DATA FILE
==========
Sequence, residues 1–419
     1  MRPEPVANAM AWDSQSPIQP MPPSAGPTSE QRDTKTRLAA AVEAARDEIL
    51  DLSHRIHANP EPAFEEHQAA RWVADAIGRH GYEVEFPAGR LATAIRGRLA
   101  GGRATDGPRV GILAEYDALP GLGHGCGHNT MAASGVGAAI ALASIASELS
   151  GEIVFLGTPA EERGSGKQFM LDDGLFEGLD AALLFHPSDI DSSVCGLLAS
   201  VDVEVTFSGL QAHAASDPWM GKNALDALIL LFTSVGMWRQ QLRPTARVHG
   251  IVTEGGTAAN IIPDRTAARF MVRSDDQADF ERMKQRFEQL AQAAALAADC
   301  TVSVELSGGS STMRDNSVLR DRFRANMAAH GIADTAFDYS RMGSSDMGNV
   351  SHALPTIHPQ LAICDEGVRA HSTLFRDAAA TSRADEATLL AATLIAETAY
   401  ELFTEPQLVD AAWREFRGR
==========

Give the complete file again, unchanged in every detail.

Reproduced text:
Sequence, residues 1–419
     1  MRPEPVANAM AWDSQSPIQP MPPSAGPTSE QRDTKTRLAA AVEAARDEIL
    51  DLSHRIHANP EPAFEEHQAA RWVADAIGRH GYEVEFPAGR LATAIRGRLA
   101  GGRATDGPRV GILAEYDALP GLGHGCGHNT MAASGVGAAI ALASIASELS
   151  GEIVFLGTPA EERGSGKQFM LDDGLFEGLD AALLFHPSDI DSSVCGLLAS
   201  VDVEVTFSGL QAHAASDPWM GKNALDALIL LFTSVGMWRQ QLRPTARVHG
   251  IVTEGGTAAN IIPDRTAARF MVRSDDQADF ERMKQRFEQL AQAAALAADC
   301  TVSVELSGGS STMRDNSVLR DRFRANMAAH GIADTAFDYS RMGSSDMGNV
   351  SHALPTIHPQ LAICDEGVRA HSTLFRDAAA TSRADEATLL AATLIAETAY
   401  ELFTEPQLVD AAWREFRGR